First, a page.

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Loch Ness


Scotland facts & history in brief

Loch Ness
Excerpted from Wikipedia, the free encyclopedia

Loch Ness (Scottish Gaelic: Loch Nis) is a large, deep freshwater lake (known in Scotland as a loch) in the Scottish Highlands, extending for approximately 37 km (23 miles) southwest of Inverness.
It is the largest body of water in the geologic fault known as the Great Glen, which runs from Inverness in the north to Fort William in the south.
The Caledonian Canal, which links the sea at either end of the Great Glen, uses Loch Ness for part of its route.

Loch Ness is one of a series of interconnected, murky lakes in Scotland that were carved by glaciers during previous ice ages.
Quite large and deep, Loch Ness has exceptionally low water visibility due to a high peat content in the surrounding soil.

Loch Ness is the second largest Scottish loch by surface area at 56.4 km2 (21.8 sq mi) but due to its extreme depth is the largest by volume.
The loch contains more fresh water than all that in England and Wales combined.
At its deepest part, 226 m (740 feet), London's BT Tower at 189 m(620 feet) would be completely submerged.

Loch Ness is best known for the alleged sightings of the legendary Loch Ness Monster ("Nessie"), although it is scenic in its own right.
Boat cruises operate from various locations along its shores giving tourists the chance to look for the monster.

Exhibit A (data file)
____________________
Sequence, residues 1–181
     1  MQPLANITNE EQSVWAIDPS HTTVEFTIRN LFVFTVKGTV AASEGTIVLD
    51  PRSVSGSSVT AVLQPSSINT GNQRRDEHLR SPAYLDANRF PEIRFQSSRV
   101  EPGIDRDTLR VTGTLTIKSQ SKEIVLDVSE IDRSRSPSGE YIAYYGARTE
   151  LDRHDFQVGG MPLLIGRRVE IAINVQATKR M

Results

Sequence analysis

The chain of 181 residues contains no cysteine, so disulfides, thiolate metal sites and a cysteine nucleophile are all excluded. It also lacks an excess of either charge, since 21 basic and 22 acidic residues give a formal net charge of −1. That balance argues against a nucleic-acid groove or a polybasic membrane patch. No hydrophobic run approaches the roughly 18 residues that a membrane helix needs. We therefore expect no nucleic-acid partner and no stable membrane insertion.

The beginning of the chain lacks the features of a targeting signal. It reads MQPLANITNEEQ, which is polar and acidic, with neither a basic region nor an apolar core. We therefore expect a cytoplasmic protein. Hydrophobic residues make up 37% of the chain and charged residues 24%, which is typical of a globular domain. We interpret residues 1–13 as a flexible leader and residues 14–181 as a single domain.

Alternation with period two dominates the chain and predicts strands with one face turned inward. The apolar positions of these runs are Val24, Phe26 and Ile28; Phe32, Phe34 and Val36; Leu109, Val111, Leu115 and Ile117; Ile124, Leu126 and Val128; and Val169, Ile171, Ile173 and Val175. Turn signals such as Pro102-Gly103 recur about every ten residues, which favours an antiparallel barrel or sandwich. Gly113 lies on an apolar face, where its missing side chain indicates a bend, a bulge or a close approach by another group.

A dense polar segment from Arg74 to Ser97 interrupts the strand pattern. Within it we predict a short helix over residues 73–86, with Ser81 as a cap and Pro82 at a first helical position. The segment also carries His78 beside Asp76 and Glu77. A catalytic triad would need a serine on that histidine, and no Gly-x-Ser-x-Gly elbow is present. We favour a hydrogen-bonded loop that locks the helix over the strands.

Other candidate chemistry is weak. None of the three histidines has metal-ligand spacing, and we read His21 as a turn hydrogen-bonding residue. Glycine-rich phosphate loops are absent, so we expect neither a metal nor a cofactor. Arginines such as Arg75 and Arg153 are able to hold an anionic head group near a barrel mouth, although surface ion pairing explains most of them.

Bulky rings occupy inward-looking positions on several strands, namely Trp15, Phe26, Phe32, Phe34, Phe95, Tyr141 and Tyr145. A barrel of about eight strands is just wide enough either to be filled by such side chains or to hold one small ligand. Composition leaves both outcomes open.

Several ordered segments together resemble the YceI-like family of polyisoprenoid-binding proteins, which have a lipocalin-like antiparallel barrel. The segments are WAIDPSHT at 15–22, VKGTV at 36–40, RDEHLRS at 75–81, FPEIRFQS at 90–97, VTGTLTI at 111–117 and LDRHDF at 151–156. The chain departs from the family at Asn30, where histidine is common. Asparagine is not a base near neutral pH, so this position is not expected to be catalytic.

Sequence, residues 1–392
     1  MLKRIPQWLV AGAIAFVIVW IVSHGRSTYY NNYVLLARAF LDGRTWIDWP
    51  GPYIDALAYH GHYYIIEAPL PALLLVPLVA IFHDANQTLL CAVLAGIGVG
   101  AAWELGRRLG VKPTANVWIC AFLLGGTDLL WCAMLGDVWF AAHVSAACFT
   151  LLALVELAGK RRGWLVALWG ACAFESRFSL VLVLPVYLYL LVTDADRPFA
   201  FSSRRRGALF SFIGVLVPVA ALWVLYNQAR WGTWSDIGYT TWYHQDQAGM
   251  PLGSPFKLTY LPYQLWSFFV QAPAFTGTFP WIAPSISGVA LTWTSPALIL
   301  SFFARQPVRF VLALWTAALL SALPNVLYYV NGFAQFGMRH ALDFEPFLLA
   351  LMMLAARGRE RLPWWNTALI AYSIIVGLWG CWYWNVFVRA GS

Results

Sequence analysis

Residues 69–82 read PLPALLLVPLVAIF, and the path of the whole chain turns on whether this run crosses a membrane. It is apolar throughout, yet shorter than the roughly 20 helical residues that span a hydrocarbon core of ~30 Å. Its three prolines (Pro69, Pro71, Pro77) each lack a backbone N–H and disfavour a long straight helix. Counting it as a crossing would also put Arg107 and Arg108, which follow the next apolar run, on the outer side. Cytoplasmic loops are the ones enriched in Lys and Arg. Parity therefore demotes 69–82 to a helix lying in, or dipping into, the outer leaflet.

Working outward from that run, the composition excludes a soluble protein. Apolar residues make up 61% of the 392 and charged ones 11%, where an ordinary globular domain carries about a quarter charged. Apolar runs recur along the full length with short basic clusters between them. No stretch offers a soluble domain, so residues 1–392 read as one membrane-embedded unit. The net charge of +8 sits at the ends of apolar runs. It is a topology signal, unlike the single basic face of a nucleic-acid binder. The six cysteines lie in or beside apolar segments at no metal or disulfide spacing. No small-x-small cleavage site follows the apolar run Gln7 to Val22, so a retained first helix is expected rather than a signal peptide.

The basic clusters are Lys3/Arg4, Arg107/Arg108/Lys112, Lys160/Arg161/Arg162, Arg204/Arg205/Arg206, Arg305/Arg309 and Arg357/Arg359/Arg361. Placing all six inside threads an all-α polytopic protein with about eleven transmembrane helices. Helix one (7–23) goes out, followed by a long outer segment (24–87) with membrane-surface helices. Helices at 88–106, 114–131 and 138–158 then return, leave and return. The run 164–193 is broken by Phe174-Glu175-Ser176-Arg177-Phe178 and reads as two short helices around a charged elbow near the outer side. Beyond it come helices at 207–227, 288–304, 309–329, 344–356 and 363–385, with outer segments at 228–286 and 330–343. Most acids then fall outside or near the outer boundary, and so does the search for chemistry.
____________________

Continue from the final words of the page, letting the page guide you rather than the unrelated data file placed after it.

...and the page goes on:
It also acts as the lower storage reservoir for the Foyers pumped-storage hydroelectric scheme, which was the first of its kind in Britain.
The turbines were originally used to provide power for a nearby mill, but now electricity is generated and supplied to the National Grid.

At its southwestern end, near Fort Augustus, one can see the only island on Loch Ness.
Cherry Island is an example of a Crannog (artificial islands generally from the Iron Age).

For a more information about Loch Ness see Wikipedia, the free encyclopedia

This page was retrieved and condensed from (http://en.wikipedia.org/wiki/Loch Ness) December 2005
All text is available under the terms of the GNU Free Documentation License (see Copyrights for details).

About Wikipedia

This information was correct in December 2005. E. & O.E.

I first visited Inverness and Scotland during 1978, while travelling around the British Isles (U.K.) with my daughter Sarolta.

One of the reasons for us visiting the place was that living in New Zealand especially during the 50s, 60s and 70s not a day passed without hearing about Scotland, England, Britain or some place or something connected with it.

Another important reason was that we like to travel and of course there's plenty to see in 'ye old Inverness' and we also better mention here Lake Ness and the famous 'Monster'.

Apart for stopping at Inverness to see the town, the lake and the 'monster' we had to change trains here to go to the far end of the Scottish (or British) railways, Thurso.

You can click on these photos for an enlargement.


Loch Ness Loch Ness

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